Joey was coughing, and we wondered how dad was going to explain this to mom. Dad was debating what to do next, because the most powerful rifle we owned still hadn't penetrated through to the basement.

That's when I noticed something I hadn't seen before. I interrupted to say, "Dad, I don't think this wall goes to the basement."

Dad stopped in mid-sentence and looked at me, a little perturbed at the challenge to his engineering.

"Of course it does," he said dismissively, "It's the only wall here, and it runs behind the couch downstairs." He went back to his conversation.

"No, really," I persisted. "Look. Here's my bedroom wall, here's the hall, and here's the stairway wall. The bedroom wall doesn't run behind the couch - the stairway wall does. The two walls are offset by about three feet."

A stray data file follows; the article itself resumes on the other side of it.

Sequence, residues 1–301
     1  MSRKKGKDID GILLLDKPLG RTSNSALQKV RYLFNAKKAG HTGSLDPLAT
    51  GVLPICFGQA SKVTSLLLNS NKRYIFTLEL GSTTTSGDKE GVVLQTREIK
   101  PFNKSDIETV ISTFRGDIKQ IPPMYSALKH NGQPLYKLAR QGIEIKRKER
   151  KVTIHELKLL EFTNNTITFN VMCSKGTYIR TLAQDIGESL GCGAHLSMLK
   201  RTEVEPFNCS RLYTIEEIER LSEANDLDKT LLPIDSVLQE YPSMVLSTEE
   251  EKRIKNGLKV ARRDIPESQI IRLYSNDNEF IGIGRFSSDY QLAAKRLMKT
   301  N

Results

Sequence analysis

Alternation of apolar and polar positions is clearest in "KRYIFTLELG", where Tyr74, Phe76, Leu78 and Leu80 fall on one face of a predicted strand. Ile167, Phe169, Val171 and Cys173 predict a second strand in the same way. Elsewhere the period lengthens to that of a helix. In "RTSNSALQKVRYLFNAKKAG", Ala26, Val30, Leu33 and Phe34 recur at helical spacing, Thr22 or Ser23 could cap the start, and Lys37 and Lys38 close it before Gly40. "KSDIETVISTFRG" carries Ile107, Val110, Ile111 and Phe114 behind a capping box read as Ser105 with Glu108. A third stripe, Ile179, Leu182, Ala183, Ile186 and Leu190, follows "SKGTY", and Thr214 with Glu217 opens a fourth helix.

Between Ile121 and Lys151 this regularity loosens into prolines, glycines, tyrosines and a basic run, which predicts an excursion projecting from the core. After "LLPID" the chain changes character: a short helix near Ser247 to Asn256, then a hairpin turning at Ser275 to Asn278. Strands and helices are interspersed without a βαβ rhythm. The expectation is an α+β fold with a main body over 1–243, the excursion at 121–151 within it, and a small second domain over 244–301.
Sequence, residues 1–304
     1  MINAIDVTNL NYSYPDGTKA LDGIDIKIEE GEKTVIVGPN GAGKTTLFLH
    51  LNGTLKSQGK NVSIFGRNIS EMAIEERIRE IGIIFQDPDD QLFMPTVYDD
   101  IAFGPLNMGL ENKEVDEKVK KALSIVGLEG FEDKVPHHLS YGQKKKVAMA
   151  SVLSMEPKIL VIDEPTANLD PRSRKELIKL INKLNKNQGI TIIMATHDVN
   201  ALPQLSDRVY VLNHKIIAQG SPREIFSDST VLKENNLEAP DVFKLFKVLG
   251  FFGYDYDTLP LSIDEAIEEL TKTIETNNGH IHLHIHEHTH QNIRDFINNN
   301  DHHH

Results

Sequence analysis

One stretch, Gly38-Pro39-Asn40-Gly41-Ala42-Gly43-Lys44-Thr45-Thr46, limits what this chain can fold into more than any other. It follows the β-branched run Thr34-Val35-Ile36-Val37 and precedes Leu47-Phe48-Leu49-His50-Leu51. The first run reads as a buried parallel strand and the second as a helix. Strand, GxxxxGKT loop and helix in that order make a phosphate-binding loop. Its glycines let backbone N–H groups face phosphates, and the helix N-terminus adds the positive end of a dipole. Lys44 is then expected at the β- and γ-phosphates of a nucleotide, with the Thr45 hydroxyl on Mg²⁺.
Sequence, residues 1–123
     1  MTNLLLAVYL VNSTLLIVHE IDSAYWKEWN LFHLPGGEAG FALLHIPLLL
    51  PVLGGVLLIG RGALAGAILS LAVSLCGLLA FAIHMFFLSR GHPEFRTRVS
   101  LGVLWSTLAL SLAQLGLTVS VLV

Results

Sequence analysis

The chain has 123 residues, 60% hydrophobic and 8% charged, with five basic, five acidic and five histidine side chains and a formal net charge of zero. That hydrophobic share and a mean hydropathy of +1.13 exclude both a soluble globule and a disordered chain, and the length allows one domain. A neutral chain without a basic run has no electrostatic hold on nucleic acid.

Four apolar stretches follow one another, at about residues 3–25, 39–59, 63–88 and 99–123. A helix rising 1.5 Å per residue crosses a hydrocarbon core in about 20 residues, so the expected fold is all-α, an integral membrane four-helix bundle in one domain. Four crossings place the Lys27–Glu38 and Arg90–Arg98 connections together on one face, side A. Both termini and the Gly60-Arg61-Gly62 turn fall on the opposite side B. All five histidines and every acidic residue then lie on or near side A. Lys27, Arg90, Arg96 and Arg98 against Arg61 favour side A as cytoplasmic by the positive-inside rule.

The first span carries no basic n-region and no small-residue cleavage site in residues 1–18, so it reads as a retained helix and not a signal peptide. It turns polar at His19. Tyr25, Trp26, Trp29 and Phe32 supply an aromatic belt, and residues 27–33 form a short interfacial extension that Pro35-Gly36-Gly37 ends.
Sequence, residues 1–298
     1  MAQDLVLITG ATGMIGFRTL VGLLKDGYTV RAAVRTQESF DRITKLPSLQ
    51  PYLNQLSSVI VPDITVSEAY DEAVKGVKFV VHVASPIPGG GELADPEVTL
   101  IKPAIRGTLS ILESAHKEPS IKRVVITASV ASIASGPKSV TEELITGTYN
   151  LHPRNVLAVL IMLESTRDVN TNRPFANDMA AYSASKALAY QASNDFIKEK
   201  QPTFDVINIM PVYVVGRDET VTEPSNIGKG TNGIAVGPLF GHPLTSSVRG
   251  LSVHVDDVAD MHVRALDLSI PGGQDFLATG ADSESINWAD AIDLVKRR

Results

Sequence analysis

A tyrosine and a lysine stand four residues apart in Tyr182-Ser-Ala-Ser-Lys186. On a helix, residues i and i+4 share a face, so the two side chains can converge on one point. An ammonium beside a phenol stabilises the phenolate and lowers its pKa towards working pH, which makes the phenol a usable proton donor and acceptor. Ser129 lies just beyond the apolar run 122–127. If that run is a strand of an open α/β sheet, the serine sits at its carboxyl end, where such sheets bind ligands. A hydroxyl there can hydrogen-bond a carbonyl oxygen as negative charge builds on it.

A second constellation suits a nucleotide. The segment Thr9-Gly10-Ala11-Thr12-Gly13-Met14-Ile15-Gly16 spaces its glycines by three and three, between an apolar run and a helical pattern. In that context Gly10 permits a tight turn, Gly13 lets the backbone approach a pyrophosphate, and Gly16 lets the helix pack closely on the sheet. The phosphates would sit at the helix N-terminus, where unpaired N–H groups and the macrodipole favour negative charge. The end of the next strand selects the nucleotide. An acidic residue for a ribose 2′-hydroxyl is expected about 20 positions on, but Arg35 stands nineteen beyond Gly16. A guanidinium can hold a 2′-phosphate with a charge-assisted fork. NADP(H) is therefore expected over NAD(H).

Dad glanced at the walls for a moment to decide how to get me to drop the issue, and a couple seconds later his face went completely white.

The wall we were shooting through ended above the living room, not the basement.

We raced downstairs to the living room in a panic. We all knew mom might abide structural damage, but if her floral print couch was shredded by small arms fire there'd be hell to pay.

Thankfully, the fates were kind to us that day. For whatever reason, none of the shots made it through the bottom of the wall. By some wild stroke of luck both the ceiling and the couch were intact.

At that point, dad decided to run the wiring up along a wall inside a closet, where he could easily drill a hole through to the basement. But the three of us formed a deeper bond on the day we shot the house.